This post relies on notes published about the reading by reporter Zac Summers in an online article for local Fox affiliate. See his story here.

Arlin Buyert, center, is poetry instructor for the Arts in Prison project. JoAnna Ramsey, l, and Lex Cortes, r, are former classmates in the project.

Johnson County Library partners with Kansas City’s The Writers Place on a series of readings: the Thomas Zvi Wilson series. As part of that series, the Arts in Prison project is occasionally scheduled. A February 20 public reading at the Johnson County Arts & Heritage Center featured participants who read from works produced in the class.

Arts in Prison has been an institution at... Continue »

Ayah

Meet Your Maker: Ayah

Hi! I’m Johnson County Library’s newest MakerSpace Facilitator. I specialize in A/V production and storytelling, but in the MakerSpace you can find help for all sorts of projects, from bookmaking to building your own computer. I’m sure lots of you are thinking of starting something new, so I thought I’d share some tips for long term project management. Today I’m going to talk about margin, but this is only the first of a four-part series, so you can always check back for more!

I’m no stranger to long term projects. When you write books or feature-length films, it just comes with the territory. The methods we normally use for projects start to fall apart when you’re doing something long term or trying to work towards a bigger picture. When I initially wrote my four principles behind project management, it was aimed at filmmakers, because that was my background. But I’ve found that the lessons I learned earnestly apply to any ambition, and I hope that you’ll find them as useful as I have.

First things first: be sure to overestimate. If you a want to work on anything over an extended period of time, you need room for error. A lot of room for error. I’ve often been told that my projects are ambitious, and they might seem that way from the outside. But in truth, I try as much as I can to overestimate how much time and resources I’ll need for every step. Thing you can get by with a 10,000 budget? Double it. Will you need, say, two weeks to write a proposal? Triple it. And if you think you’ll be able to export that video in ten hours, make it forty.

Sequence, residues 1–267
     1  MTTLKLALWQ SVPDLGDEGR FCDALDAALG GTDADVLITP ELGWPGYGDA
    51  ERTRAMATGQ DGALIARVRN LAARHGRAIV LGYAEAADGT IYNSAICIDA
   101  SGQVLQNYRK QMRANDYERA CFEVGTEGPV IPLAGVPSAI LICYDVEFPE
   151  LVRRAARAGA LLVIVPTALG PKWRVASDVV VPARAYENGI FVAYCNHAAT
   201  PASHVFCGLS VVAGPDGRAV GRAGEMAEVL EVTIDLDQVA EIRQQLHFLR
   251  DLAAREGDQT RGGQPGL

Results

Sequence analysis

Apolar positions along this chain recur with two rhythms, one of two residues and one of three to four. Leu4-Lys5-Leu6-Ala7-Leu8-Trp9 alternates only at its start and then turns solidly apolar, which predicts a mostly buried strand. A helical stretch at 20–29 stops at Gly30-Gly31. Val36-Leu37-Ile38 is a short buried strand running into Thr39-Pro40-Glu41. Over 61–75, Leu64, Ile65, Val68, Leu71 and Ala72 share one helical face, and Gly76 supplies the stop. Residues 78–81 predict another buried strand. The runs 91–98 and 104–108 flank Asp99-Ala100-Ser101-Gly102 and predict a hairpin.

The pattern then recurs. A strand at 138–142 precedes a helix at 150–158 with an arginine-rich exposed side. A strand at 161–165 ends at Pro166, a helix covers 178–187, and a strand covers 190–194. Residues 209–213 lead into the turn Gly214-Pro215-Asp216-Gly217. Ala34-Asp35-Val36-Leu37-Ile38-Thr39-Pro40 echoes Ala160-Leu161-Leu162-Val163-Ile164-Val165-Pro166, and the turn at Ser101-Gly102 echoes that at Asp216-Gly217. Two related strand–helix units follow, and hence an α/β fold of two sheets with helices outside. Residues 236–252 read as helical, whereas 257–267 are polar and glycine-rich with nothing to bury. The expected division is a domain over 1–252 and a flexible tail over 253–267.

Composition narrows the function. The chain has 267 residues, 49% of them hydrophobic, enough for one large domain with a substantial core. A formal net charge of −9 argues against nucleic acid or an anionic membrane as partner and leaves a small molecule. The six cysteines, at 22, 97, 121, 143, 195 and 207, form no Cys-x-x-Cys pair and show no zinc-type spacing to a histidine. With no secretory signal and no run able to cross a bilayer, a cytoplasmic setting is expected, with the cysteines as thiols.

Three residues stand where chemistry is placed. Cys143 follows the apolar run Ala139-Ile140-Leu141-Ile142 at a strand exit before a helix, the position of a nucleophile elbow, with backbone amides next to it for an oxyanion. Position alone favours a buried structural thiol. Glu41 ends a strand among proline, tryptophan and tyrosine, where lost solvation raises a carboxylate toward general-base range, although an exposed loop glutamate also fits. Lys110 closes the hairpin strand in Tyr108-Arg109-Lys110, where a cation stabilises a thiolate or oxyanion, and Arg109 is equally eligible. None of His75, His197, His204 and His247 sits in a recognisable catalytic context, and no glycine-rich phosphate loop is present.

Margin isn’t just about scheduling time, though. It’s also about archiving what you’re doing, and project security. Back up your assets. If I expect to record 1 or 2 terabytes of video footage, I get a 4 terabyte drive. I back everything up and I have a backup plan for the backup plan. I store my hard drives, equipment, and props carefully, where they won’t be exposed to serious temperature changes or accidental misuse.

This might sounds irrationally cautious, but think of it this way: If some resource or information for your project disappeared, what would be willing to do to get it back? You can do at least that much to prevent yourself from having the problem to begin with. Of course, you can’t care for every aspect of a project with the same level of importance. Decide your priorities ahead of time so that if things don’t go as planned, you know what you’re willing to compromise on, and what things you’re willing to fight for.

Archiving your project not only eases your workflow, it does a favor for your future self. It’s easy to know what all the pieces in a project mean when you’re in the center of the work, but neglecting to record your process is a major loss. Keep your notes, sketches, and mind maps; you can use them for future projects. And most importantly, keep a record of your mistakes and what you learned from them. You will forget. You’re human. You may be steeped in your work now, but once it fades, you know don’t when you’ll get another chance to record that next album or whatever it is you want to do. By recording your mistakes, you save yourself the trouble of having to reinvent the wheel every time. 

Hi! I’m Johnson County Library’s newest MakerSpace Facilitator. I specialize in A/V production and storytelling, but in the MakerSpace you can find help for all sorts of projects, from bookmaking to building your own computer. I’m sure lots of you are thinking of starting something new, so I thought I’d share some tips for long term project management. Today I’m going to talk about margin, but this is only the first of a four-part series, so you can always check back for more!

I’m no stranger to long term projects. When you write books or feature-length films, it just comes with the territory. The methods we normally use for projects start to fall apart when you’re doing something long term or trying to work towards a bigger... Continue »

Big Books

We Like Big Books!